Lightbox Goes Tango Uniform

Adrian J Cotterill, Editor-in-Chief

‘With large debts, huge commitments to landlords and some seriously huge salaries, it’s sad to say that the Lightbox OOH Video Network is most probably not a going concern” said some all-knowing industry sage back in July 2020.

Fast forward some three and a half years and it has sadly come to fruition with news filtering in during March that the company had finally closed its doors.

For those of you with good memories you will know that later that same year, the fire sale of the business to Cattri, a leading out-of-home technology company based in Mexico City (and backed by PC Capital, a Mexican private equity firm specialising in growth equity investments, and Altum Capital, a Mexico City-based private credit fund) did not help, as we said it would at the time.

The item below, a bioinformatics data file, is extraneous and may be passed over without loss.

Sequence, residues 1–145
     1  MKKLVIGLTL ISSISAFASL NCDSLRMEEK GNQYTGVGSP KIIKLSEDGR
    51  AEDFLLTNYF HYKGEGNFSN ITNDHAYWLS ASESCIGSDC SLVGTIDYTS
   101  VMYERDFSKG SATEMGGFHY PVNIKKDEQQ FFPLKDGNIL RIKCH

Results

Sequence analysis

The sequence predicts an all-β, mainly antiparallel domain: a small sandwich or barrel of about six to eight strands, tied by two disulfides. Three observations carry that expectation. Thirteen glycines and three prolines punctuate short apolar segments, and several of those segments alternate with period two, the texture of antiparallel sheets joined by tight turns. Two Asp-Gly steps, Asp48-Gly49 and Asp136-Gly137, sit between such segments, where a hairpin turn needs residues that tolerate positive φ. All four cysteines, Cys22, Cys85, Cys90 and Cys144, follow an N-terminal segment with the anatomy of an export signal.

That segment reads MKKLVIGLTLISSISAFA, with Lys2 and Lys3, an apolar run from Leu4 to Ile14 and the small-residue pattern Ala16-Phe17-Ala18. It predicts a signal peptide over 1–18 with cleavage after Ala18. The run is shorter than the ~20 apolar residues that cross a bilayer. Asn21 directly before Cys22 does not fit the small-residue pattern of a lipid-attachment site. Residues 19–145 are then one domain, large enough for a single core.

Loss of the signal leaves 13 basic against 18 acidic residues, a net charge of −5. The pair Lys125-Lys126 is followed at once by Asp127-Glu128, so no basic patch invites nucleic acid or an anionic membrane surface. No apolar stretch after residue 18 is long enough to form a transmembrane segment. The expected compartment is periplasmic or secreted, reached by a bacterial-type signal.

I said at the time “Lightbox’s problem has always been that they were never able to position their screens as a ‘strategic’ Ad buy. Quite simply, they were always “left over money” meaning that they were a tactical buy in a year when spare money was available, but typically ignored the next and following years. New ownership and new ‘tech’ from Cattri will change nothing. As much as people won’t like it being said, this is nothing more than a fire sale and does nothing to shore up the underlying weakness in the networks current business model”.

Anyhow they obviously managed to survive a few more years with a lumpy revenue stream, by all accounts some 80% of annual revenue came between Thanksgiving and Christmas and with no real regular advertising spend for the rest of the year.

Their pricing was always “give away” pricing, to me at least proving that even with their May 2021 deal with Comscore they were never able to prove to advertisers that it was a truly effective medium.

But do you know what? The weirdest thing of all, especially with the recent rise of Retail Media Networks, Lightbox were never able to convince the Mall’s retail tenants that using the screens would drive traffic into the stores.

As is often the case, there is much for the industry to learn here from this company’s demise.

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